Philippine President Rodrigo Duterte had talks with his Chinese counterpart Xi Jinping yesterday, their eighth meeting in three years in what Manila's top envoy in Beijing described as a high-stakes engagement with the intent "to build bridges, not to burn".
They met at the Diaoyutai State Guesthouse in Beijing, China's state news agency Xinhua reported.
It did not say whether Mr Duterte had brought up the 2016 ruling by a Hague arbitration tribunal, which invalidated Beijing's claim over most of the South China Sea, as he had previously pledged.
China's state television quoted Mr Xi as saying the two countries should work to promote the early realisation of the South China Sea Code of Conduct by 2021 or earlier. He also said the two sides should "maintain effective communication, set aside disputes and eliminate external interference".
President Xi was quoted in Xinhua as saying: "I am willing to work with you to continue to grasp the good times and the momentum from a strategic and long-term perspective, and lead the development of Sino-Philippine relations."
The Philippines and China signed six agreements, according to a government statement.
Earlier yesterday, Philippine Ambassador to China Chito Santo Romana told reporters Mr Duterte spent the first three years of his term building "a reservoir of goodwill and friendship" with Mr Xi and China. But he "decided it's time to include in the diplomatic agenda... sensitive issues that may have caused misunderstanding if it were brought up in the past", the envoy said, referring to The Hague ruling.
So Mr Duterte is in China "to build bridges, not to burn bridges", as he and Mr Xi held what the envoy described as "a high-stakes diplomatic engagement".
The Philippine leader has come under increasing pressure at home to press China on The Hague ruling. Manila calls the disputed waters the West Philippine Sea.
Beijing and Manila have fundamental differences over the ruling, but Mr Duterte is not coming to "impose" or "provoke" China, but "to have a deeper understanding and to see... where the gaps can be bridged", the ambassador said.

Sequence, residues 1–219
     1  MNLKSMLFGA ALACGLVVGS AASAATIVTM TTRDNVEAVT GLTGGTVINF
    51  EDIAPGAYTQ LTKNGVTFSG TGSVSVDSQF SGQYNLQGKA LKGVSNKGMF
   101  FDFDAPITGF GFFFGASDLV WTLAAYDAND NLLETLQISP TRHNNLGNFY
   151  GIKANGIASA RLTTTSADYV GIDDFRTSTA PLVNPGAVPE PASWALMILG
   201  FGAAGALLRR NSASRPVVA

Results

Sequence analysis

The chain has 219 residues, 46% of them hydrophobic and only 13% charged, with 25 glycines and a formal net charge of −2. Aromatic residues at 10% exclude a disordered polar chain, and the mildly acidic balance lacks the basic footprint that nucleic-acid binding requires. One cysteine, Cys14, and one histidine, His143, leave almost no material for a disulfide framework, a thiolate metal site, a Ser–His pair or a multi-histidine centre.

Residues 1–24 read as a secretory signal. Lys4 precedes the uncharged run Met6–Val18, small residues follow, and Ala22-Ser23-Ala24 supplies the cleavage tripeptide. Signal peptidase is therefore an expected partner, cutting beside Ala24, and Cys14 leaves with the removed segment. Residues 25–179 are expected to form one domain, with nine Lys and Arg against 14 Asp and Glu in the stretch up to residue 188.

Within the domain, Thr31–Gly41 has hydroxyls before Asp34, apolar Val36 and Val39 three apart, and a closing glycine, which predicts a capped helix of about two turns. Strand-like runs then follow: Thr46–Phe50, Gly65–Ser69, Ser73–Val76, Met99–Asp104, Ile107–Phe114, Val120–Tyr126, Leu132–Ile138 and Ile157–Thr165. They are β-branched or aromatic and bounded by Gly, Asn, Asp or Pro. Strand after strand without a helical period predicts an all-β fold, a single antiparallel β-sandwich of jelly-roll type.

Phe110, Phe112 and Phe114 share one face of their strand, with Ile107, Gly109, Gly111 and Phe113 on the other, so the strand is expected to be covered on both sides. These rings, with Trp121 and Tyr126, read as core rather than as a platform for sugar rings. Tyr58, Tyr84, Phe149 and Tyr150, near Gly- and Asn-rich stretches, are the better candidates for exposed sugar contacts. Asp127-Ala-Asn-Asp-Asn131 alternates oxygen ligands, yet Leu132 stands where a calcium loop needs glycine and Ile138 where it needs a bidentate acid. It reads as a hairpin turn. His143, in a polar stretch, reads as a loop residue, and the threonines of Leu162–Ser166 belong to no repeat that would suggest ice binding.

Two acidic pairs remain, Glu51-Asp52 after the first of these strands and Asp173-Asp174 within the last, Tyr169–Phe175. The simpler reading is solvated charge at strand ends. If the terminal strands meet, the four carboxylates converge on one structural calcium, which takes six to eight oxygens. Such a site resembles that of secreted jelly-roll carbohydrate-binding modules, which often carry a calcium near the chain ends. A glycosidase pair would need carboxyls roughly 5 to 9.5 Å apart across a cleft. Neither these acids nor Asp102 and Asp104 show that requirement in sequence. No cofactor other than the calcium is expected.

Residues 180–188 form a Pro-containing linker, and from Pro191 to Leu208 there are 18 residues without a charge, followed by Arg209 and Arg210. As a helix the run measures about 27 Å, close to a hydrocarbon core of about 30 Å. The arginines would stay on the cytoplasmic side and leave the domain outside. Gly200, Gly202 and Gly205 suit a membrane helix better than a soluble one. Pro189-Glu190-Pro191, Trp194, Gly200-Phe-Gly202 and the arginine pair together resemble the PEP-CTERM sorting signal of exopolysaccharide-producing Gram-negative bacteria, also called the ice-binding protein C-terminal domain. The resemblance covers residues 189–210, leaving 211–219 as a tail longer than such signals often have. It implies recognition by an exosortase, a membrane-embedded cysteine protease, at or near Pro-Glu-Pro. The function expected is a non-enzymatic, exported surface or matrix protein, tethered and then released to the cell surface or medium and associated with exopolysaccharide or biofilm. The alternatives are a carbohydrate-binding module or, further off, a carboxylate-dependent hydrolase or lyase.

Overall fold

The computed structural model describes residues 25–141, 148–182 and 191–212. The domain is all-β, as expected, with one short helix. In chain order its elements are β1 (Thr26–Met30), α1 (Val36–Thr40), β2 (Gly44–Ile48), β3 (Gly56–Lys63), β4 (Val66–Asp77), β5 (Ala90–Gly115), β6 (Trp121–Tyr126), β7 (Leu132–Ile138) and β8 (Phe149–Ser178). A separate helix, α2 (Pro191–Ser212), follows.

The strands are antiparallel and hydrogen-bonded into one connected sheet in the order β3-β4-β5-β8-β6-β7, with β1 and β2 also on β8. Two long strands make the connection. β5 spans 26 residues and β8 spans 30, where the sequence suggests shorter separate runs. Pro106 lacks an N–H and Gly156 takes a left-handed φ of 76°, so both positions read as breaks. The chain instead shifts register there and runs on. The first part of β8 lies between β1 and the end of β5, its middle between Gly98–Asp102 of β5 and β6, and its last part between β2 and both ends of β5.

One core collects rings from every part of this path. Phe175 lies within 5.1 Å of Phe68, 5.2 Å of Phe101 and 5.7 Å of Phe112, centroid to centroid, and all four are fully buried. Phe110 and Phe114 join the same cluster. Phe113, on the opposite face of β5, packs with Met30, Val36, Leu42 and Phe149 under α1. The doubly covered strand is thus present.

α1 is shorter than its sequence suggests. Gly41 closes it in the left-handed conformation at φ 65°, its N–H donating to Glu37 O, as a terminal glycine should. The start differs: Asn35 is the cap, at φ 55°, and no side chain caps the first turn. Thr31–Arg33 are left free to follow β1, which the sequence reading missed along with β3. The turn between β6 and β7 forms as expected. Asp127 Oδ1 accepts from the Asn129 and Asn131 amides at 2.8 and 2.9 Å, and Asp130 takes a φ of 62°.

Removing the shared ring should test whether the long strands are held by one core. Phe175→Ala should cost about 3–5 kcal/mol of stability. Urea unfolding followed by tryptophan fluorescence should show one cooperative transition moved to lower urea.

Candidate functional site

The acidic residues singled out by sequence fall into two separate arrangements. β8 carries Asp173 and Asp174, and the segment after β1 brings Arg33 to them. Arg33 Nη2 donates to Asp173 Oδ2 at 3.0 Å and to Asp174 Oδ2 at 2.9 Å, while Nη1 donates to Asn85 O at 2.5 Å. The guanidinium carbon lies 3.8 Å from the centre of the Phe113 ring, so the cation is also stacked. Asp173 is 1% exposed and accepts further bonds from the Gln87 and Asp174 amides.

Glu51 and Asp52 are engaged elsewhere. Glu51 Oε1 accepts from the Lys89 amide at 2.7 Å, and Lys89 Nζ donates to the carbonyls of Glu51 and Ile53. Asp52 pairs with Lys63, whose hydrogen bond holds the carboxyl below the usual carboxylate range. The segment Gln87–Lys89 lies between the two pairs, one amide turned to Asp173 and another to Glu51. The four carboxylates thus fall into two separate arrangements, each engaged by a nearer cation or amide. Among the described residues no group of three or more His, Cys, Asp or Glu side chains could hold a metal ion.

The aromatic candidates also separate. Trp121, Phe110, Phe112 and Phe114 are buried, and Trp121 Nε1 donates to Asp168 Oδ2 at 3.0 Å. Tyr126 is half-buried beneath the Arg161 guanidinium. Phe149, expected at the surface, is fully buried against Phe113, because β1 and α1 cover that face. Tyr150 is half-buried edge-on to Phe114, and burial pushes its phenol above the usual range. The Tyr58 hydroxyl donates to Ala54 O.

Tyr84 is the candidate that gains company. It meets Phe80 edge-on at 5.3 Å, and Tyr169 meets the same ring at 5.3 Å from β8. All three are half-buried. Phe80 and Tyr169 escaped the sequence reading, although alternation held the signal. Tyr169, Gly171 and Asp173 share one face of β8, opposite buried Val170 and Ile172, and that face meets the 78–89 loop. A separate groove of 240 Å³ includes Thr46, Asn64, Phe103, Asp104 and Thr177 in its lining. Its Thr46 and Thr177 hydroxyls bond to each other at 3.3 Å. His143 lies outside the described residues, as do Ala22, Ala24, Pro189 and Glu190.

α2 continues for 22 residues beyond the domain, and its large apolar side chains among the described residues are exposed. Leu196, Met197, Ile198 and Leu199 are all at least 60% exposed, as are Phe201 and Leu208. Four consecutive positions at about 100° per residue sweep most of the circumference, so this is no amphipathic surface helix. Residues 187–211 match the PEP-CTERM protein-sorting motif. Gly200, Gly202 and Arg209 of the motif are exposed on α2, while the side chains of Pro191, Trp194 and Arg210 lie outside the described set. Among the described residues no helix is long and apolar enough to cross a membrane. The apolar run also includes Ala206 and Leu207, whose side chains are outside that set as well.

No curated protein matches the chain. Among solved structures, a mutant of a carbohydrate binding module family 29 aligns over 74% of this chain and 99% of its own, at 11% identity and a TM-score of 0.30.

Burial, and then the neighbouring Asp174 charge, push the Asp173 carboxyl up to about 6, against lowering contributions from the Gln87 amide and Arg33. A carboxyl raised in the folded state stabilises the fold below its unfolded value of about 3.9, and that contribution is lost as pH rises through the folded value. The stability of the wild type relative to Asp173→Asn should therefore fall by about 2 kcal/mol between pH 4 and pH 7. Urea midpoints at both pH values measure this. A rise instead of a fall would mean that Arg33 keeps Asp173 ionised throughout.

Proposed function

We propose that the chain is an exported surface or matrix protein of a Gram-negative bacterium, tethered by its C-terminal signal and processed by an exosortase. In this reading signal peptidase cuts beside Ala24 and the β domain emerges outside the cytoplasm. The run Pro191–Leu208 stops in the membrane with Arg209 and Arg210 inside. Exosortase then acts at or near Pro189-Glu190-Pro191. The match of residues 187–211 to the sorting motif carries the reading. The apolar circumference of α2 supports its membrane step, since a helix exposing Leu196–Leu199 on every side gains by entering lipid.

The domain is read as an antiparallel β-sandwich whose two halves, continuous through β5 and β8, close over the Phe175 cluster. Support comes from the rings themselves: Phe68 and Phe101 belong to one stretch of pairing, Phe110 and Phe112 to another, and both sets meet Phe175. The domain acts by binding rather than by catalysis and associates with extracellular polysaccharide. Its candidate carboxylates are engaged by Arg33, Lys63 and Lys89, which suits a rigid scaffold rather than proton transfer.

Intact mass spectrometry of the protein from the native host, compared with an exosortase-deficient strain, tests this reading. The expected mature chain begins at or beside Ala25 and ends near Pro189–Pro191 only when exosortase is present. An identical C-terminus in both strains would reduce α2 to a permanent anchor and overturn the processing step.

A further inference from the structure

Mr Duterte will be "trying to understand the Chinese position, while explaining our own position", he said, adding "we have no illusion we can solve the issue overnight".
China's envoy to the Philippines Zhao Jianhua has said Beijing's stance on the 2016 ruling - which is to ignore it - is unlikely to change.
Mr Santo Romana said the differences between the two countries "do not define the totality of the bilateral relations".
Owing to Mr Duterte's detente, China has become the Philippines' biggest trading partner and export market. Chinese tourist arrivals in the Philippines jumped nearly 20 per cent to 1.26 million last year.
On Wednesday, the owner of a Chinese fishing boat apologised in writing and offered compensation for the sinking of a Philippine fishing boat off the coast of Recto Bank on June 9. A total of 22 Philippine fishermen were rescued by a Vietnamese crew hours after the Chinese vessel fled.
The Chinese government has verbally expressed regret through diplomatic channels, but Manila pressed for an apology in writing, Mr Santo Romana said.
Today, Mr Xi and Mr Duterte will attend the opening ceremony of the 2019 Fiba Basketball World Cup in Beijing, in what has been billed as "basketball diplomacy".
• Additional reporting by Raul Dancel in Manila